In the heating oil example given in the Prepaid Expense section, the 900 payment to the heating oil dealer in January requires a credit to Cash and a debit to Fuel Oil Inventory. During February, March, and April, no outside record calls your attention to the need for the entries debiting Fuel Oil Expense and crediting Fuel Oil Inventory.
Many entries required to apply the accrual principle are easy to overlook if you do not set up procedures for them. Artemis Accounts recognizes this possibility, and provides for a series of entries, made at the end of the month, to enter the effect of accruals. These entries are called adjusting entries. They adjust the accounts so the amounts reported as expenses and revenues for the period reflect the actual decreases and increases in equity during the period and so the balance sheet amounts reflect the current financial condition (subject to the shortcuts discussed earlier).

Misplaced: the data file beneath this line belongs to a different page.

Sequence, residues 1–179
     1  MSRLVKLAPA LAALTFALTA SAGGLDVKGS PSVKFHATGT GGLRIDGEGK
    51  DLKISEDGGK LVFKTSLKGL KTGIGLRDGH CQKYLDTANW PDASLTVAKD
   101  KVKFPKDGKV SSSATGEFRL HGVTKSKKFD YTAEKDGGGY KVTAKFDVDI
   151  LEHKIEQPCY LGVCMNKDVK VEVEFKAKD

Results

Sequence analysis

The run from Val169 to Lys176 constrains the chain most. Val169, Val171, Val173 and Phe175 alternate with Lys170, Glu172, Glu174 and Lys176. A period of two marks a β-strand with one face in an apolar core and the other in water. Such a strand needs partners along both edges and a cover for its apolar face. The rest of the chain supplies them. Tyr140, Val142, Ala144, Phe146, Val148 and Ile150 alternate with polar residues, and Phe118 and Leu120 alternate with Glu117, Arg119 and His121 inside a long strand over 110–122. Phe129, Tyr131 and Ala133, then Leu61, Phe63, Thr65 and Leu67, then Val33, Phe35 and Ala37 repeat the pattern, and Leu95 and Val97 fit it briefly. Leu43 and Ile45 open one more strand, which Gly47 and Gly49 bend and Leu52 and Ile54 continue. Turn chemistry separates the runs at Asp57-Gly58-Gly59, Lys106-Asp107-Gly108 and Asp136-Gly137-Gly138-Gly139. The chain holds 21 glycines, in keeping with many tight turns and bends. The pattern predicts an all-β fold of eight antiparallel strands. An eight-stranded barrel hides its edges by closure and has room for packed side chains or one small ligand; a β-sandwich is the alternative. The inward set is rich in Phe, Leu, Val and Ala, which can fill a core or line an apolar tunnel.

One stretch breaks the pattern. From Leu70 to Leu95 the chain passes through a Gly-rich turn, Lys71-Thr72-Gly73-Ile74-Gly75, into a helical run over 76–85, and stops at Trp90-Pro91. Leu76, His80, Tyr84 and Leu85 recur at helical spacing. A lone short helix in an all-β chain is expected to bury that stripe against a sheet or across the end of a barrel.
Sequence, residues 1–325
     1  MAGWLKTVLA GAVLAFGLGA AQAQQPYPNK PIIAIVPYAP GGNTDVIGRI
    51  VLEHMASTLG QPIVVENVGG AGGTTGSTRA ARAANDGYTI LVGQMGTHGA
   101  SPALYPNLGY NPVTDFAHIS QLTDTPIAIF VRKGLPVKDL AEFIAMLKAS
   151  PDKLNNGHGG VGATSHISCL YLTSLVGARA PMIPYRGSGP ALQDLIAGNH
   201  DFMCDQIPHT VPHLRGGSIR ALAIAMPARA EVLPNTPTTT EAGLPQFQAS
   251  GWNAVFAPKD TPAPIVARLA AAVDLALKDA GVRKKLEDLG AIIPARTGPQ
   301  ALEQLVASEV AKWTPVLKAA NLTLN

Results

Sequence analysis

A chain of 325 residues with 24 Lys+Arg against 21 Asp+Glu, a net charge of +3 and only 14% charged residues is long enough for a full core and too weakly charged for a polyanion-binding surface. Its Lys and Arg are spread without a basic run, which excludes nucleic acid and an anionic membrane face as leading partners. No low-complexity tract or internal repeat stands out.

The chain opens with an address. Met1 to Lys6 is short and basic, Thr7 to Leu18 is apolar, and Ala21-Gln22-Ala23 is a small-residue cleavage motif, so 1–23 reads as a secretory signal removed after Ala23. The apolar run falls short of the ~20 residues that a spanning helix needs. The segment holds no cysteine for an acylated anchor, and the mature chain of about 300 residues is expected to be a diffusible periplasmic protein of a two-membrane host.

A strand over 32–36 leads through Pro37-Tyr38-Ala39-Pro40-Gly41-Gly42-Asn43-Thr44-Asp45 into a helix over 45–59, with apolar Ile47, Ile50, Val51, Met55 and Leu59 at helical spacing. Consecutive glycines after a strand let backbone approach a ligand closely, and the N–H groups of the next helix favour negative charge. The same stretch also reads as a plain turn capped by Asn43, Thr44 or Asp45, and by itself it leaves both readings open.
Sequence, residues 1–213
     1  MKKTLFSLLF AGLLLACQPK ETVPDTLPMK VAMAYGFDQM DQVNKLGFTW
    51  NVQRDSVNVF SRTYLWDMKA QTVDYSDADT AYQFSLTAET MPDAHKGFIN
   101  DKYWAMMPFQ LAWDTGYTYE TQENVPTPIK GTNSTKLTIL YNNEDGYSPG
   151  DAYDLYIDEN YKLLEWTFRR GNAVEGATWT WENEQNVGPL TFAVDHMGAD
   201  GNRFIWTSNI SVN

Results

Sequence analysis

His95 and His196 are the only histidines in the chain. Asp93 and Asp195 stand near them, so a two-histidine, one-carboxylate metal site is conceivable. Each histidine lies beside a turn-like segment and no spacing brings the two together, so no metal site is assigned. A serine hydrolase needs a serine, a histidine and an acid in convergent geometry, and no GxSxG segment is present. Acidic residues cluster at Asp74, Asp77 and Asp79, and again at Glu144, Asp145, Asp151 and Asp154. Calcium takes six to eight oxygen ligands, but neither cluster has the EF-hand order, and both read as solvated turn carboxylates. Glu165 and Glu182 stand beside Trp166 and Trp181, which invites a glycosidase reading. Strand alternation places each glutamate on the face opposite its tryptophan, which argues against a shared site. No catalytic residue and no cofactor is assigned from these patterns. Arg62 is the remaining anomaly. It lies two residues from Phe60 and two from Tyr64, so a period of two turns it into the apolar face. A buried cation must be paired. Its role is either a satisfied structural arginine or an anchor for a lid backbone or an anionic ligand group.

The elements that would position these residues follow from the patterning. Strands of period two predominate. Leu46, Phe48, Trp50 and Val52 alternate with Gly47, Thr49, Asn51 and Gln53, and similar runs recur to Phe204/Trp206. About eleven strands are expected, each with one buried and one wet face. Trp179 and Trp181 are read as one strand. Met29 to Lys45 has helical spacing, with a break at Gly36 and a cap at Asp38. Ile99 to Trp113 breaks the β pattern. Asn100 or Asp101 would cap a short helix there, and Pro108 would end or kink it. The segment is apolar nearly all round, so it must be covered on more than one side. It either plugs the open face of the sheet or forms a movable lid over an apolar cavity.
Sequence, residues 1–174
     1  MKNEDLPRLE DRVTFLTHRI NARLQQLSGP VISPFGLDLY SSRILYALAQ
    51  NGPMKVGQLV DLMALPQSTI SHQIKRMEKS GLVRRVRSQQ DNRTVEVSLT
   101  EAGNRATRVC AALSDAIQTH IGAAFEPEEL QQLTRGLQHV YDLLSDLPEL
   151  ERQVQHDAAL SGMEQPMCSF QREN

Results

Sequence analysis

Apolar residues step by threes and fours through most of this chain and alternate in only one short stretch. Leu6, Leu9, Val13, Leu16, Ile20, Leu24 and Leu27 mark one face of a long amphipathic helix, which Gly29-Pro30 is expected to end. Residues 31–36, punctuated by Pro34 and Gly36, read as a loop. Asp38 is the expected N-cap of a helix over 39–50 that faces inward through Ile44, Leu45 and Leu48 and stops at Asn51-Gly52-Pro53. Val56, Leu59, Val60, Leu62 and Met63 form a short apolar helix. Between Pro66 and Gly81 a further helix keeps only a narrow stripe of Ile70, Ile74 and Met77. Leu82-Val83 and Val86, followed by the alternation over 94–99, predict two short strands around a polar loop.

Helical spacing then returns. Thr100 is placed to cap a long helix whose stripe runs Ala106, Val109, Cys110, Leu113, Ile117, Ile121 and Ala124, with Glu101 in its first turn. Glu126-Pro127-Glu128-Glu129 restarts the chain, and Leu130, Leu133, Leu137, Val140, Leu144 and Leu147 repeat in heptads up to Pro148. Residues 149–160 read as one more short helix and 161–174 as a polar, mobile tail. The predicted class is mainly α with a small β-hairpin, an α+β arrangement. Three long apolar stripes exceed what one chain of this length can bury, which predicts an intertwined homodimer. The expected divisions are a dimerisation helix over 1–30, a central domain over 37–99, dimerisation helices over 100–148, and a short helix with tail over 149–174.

Some of these entries are "standard"; that is, if the entity purchases a one-year insurance policy for 1,200, there is an expense of 100 for the insurance protection provided in each of the next 12 months. Once you enter this fact, the program makes this monthly entry automatically. Automatic journal entries ensure that the entry is not overlooked, which can happen in a manual system.